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Mahne Frame - I Gave My Legs To A Snake (Preorder 05/01/24)

Mahne Frame - I Gave My Legs To A Snake (Preorder 05/01/24)

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Mahne Frame - I Gave My Legs To A Snake

Label: - MTR131EP - 817231019059
Format: 12", Black
Country: UK
Released: 5th Jan 2024
Genre: Electronic
Style: Electronic

Mahne Frame (pronounced mah-nay frame) brings his pan-pacific rave pop back home with a divergent-sounding EP on a new label with Berlin’s Monkeytown Records. The Australian musician and producer had spent the last four years developing his kitchen-sink electropunk aesthetic with his own 21 N FUN entity for ideas in Japan, where lyrics of disaffection were dragged through grainy bedroom productions echoing his big beat and post-industrial influences. Taut with repressed rage and isolation, those two EPs traced Frame’s travels, from a final show as touring drummer for avant-pop performer Kirin J Callinan in Tokyo to border closures that left him stranded and restless in the East Asian megacity. The results were 2019’s Kiss My Ass, Death and 2020’s Mad World, where the ambient gloom of the former’s eulogy to Prodigy’s front man on “RIP Keith Fliny” meets the bitter rumbling of the latter’s “Sometimes I Try not to Care (feat. Tohji).”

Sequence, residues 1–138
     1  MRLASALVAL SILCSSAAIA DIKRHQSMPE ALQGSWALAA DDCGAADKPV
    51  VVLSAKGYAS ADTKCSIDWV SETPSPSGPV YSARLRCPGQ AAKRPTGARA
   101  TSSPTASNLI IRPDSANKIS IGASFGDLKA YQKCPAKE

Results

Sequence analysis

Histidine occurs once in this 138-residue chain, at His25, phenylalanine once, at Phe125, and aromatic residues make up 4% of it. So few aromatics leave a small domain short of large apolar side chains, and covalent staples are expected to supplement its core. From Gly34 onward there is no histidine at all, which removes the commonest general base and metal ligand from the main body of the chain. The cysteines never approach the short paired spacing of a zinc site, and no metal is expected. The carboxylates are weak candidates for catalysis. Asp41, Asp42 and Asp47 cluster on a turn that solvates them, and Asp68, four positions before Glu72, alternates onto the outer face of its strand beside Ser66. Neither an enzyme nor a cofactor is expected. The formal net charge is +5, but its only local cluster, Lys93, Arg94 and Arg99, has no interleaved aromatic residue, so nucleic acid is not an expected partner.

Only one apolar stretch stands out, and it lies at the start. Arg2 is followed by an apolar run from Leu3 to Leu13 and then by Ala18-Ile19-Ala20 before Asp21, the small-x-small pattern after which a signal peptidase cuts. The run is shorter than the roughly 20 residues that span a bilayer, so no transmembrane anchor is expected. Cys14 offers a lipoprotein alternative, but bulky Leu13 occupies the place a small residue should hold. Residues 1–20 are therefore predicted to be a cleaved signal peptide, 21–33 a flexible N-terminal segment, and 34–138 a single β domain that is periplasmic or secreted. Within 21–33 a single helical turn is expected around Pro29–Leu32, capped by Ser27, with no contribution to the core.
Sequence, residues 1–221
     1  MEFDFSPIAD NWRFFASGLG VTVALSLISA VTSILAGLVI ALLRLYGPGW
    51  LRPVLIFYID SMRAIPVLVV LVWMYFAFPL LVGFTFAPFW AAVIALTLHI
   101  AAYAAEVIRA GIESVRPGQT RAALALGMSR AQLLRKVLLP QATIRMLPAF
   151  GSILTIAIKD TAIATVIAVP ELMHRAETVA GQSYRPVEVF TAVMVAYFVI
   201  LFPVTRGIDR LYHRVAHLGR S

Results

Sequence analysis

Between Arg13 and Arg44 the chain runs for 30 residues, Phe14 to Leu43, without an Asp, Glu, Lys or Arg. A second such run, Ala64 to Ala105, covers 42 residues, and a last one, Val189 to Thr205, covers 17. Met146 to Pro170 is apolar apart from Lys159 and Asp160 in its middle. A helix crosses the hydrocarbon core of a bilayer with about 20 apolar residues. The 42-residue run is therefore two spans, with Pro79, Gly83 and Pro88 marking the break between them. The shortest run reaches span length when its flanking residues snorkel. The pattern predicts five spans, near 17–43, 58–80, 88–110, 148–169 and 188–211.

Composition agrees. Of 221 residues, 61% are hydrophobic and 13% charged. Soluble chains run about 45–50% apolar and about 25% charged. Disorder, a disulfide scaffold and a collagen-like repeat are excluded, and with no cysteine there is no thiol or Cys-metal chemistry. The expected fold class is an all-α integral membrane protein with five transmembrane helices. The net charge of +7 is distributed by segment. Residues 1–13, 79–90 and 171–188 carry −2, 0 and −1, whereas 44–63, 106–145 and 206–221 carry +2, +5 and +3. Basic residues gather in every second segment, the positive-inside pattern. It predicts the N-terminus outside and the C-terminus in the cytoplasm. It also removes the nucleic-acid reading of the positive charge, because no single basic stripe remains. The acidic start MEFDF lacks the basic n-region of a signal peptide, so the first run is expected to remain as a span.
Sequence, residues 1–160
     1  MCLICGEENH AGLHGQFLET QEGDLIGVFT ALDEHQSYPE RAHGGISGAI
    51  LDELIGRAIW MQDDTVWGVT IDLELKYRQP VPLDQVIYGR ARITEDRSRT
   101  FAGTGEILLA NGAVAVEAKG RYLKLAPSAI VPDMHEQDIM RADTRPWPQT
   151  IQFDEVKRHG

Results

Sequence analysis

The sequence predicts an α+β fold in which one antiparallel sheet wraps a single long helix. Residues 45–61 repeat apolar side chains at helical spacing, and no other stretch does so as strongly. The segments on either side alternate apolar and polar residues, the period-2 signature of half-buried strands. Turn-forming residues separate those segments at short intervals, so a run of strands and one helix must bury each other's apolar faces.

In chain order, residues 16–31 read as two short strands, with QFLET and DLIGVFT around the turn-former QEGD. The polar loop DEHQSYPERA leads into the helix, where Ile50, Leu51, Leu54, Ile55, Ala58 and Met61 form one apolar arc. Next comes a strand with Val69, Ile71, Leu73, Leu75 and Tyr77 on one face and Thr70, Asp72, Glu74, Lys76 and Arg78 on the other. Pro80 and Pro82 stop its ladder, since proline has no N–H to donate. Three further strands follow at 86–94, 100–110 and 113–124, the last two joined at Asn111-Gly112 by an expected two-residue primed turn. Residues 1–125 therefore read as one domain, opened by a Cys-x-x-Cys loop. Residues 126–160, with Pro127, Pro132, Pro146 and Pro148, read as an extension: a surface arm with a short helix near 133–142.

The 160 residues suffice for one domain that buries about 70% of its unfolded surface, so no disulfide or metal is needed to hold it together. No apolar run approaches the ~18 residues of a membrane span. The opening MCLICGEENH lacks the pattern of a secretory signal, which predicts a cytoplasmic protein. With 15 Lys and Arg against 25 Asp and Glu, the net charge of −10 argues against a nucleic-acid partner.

In finally returning to his tiny hometown of Katoomba—nestled in the scenic Blue Mountains, and located a hundred kilometres inland of Sydney, Australia—Frame’s latest release, I gave my legs to a snake, loosens its grip on its resentments and eases back into the comforts of wide-open space and geographical isolation. Tracks like “Flawed” and “Vacation” shift gears from his earlier shades of beats-laden speak-singing to a more folk-inflected song-writing reminiscent of Yung Lean’s turn to fragile crooning as jonatan leandoer96 or Dean Blunt’s collaborations with Joanne Robertson. But far from following the globalized trends of the underground, Frame’s is simply a response to his environment—trading the noise and compact mobility of his scooter in a densely-populated Japanese metropolis for the unbothered acoustic explorations of a guitar in the seclusion of the Australian bush.

Lead single “Walk Line” takes full advantage of the extra room for selfreflection by ruminating on the irony of being an introvert, only to pursue a very public-facing career as a musician and performer. “I spent two weeks making the stone of attention,” says Frame, about the huge rock-shaped sculpture he carved for the track’s accompanying music video. “The idea was that pulling it would be punishment for attention seeking, only to transport it on the back of a ute [Aussie slang for pickup truck] and realizing that the stone just attracts even more attention.” Perhaps, solitude is one of the more constant and adaptable states that ultimately allows Frame a form of connection through art, whether produced from a cramped apartment in pandemic-stricken Tokyo or the vast bushland of Australia’s majestic Blue Mountains.

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